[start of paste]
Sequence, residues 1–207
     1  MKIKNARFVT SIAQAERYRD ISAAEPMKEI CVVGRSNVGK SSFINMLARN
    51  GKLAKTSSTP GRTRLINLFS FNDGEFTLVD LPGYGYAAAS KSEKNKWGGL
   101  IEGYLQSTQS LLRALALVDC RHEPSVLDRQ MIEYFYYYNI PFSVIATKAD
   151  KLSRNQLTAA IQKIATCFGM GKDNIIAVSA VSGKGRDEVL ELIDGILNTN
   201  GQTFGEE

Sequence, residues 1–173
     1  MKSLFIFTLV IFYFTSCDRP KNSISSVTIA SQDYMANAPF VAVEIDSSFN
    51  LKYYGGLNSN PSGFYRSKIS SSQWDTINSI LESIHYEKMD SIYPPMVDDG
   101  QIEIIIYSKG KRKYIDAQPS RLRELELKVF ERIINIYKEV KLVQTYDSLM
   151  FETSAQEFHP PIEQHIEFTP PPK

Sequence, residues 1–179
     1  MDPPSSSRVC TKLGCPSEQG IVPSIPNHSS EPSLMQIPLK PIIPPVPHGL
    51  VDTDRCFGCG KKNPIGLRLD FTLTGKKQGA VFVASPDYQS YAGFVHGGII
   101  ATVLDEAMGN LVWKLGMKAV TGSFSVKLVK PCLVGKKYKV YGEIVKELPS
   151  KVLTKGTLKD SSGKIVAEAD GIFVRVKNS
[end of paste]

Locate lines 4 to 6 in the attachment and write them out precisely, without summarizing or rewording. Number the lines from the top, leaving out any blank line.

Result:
   101  IEGYLQSTQS LLRALALVDC RHEPSVLDRQ MIEYFYYYNI PFSVIATKAD
   151  KLSRNQLTAA IQKIATCFGM GKDNIIAVSA VSGKGRDEVL ELIDGILNTN
   201  GQTFGEE